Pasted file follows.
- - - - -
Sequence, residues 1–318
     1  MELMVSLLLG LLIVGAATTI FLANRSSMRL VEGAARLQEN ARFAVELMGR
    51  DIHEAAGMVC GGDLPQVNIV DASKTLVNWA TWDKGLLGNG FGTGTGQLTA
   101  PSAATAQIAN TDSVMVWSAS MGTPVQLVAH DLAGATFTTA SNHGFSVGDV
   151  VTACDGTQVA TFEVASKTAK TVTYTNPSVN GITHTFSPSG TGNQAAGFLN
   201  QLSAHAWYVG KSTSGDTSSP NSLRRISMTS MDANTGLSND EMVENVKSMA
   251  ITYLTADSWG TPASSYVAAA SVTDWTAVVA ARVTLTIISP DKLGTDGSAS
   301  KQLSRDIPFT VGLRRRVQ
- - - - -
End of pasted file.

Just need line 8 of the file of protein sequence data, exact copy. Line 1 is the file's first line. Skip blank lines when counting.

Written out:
   301  KQLSRDIPFT VGLRRRVQ